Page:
In compliance with the guidance from decisions 1/CP.19 and 1/CP.20, Brazil submitted its intended Nationally Determined Contribution (iNDC) to the UNFCCC in September 2015. This binding legal commitment features Brazil’s mitigation related actions and targets, the national adaptation plan and means of implementation to deliver the contribution presented.
Brazil adopted the Paris Agreement on September 12th 2016. Brazil’s Nationally Determined Contribution (NDC) under the Paris Agreement aims to reduce greenhouse gas emissions by 37% below 2005 levels by 2025 and 43% below 2005 levels by 2030.
All policies, measures and actions to implement Brazil’s NDC derive from the National Policy on Climate Change (Law No. 12,187/2009), the Forest Code (Law No. 12,651/2012), the National System of Conservation Units Law (Law No. 9,985/2000) and the relevant regulation, programs and planning instruments.
REDD+ as a means of implementation of Brazil’s NDC
Brazil’s NDC stresses that the policies, measures and actions implemented to achieve such contribution do not preclude the use of support from the financial mechanism under the Convention or any other modality of international cooperation and support, which shall be deployed to enhance effectiveness and/or promote swifter implementation.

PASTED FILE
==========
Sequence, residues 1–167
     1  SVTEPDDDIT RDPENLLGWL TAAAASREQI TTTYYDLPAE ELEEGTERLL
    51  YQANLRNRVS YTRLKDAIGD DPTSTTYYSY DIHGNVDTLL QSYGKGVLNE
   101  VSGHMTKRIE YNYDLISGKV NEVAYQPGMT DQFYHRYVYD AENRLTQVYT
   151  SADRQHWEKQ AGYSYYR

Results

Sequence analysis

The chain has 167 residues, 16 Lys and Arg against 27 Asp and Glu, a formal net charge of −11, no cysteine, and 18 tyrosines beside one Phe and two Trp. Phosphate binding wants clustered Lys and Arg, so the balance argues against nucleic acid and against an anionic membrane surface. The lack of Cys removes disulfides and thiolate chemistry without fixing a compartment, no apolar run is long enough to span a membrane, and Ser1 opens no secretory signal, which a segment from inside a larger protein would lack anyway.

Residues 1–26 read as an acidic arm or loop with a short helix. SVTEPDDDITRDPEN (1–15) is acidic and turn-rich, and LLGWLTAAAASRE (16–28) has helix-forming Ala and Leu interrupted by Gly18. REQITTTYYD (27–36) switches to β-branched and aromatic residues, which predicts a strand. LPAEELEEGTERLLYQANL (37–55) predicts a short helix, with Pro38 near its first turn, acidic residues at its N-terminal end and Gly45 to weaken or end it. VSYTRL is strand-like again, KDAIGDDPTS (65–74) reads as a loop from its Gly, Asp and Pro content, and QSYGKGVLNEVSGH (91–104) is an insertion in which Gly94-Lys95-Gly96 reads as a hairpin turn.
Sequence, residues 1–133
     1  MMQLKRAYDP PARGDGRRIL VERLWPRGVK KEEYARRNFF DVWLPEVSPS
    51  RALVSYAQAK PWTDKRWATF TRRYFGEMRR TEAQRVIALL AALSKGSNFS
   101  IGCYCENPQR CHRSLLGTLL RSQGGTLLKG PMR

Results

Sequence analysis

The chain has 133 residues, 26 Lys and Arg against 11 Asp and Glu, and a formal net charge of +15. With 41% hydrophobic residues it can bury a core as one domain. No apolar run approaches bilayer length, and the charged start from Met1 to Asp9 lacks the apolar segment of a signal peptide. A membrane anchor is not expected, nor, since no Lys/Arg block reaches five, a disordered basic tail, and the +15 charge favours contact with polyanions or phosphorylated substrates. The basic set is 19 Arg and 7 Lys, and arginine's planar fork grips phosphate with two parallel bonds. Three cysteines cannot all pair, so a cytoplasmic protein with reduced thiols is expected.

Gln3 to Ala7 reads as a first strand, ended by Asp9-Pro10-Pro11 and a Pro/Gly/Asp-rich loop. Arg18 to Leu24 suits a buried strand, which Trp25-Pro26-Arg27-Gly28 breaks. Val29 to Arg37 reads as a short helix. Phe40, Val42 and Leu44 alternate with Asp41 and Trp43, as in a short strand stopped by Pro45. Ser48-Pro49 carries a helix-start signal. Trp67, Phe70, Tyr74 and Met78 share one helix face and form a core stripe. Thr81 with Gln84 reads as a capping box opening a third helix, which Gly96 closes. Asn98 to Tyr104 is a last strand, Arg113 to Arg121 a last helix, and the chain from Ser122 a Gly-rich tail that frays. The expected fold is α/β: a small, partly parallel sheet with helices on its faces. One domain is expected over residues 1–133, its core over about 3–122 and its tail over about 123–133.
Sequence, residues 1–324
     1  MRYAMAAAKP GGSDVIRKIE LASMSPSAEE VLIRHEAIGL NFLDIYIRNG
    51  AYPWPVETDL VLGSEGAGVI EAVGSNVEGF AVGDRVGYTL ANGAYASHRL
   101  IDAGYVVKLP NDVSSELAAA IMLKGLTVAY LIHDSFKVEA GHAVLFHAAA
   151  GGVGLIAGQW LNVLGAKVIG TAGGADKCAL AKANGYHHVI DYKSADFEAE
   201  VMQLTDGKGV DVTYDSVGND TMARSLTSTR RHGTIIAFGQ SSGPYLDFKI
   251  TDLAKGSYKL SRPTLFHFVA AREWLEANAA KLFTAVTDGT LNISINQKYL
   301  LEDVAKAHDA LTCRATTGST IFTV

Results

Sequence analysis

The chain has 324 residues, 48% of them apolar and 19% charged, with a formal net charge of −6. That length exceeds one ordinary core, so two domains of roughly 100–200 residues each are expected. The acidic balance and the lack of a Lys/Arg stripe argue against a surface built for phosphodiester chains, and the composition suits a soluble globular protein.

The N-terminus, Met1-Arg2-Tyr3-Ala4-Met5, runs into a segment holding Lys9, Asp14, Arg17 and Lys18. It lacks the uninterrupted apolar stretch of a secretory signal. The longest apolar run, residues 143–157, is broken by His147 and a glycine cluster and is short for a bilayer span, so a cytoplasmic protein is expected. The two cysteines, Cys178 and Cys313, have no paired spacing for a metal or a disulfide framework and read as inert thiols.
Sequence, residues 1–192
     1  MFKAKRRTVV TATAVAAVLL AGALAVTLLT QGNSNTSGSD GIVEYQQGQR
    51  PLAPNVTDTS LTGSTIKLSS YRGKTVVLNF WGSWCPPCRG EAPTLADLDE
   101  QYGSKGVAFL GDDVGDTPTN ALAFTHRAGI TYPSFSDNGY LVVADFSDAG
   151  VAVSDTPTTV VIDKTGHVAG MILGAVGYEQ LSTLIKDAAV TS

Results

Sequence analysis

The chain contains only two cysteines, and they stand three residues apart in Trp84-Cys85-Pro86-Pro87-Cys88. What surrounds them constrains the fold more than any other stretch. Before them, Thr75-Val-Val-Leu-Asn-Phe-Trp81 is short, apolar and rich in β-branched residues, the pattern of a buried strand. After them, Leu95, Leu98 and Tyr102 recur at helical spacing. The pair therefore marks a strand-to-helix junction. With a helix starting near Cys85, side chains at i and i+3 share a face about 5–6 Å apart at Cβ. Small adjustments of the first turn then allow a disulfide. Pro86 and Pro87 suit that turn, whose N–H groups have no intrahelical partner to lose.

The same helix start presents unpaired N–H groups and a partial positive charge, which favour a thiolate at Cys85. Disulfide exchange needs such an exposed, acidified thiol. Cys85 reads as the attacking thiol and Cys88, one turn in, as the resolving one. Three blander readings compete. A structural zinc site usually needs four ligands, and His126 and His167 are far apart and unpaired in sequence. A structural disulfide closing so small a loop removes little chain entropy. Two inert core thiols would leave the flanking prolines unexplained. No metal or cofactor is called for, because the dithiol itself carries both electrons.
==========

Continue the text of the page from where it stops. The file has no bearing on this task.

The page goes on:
Particularly with regard to the forest sector, the implementation of REDD+ activities and resulting permanence in REDD+ require the provision, on a continuous basis, of adequate and predictable results-based payments, as stated in the relevant COP decisions. Therefore, the inflow of resources in the form of REDD+ results-based payments will be very important for the implementation of Brazil’s NDC.
The forest component of this ambitious commitment includes:
• strengthening and enforcing the implementation of the Forest Code, at federal, state and municipal levels;
• strengthening policies and measures with a view to achieve, in the Brazilian Amazon, zero illegal deforestation by 2030 and compensate for greenhouse gas emissions from legal suppression of vegetation by 2030;
• restoring and reforesting 12 million hectares of forests by 2030, for multiple purposes;
• enhancing sustainable native forest management systems, through georeferencing and tracking systems applicable to native forest management, with a view to curb illegal and unsustainable practices.
In addition to that, Brazil’s NDC provides for measures in the agriculture sector which should also generate positive impacts for reducing deforestation:
• strengthen the Low Carbon Emission Agriculture Program (ABC) as the main strategy for sustainable agriculture development, including by restoring an additional 15 million hectares of degraded pasturelands by 2030 and enhancing 5 million hectares of integrated cropland-livestock-forestry systems (ICLFS) by 2030;
The National REDD+ Strategy is a key instrument for meeting the commitments made under the UNFCCC.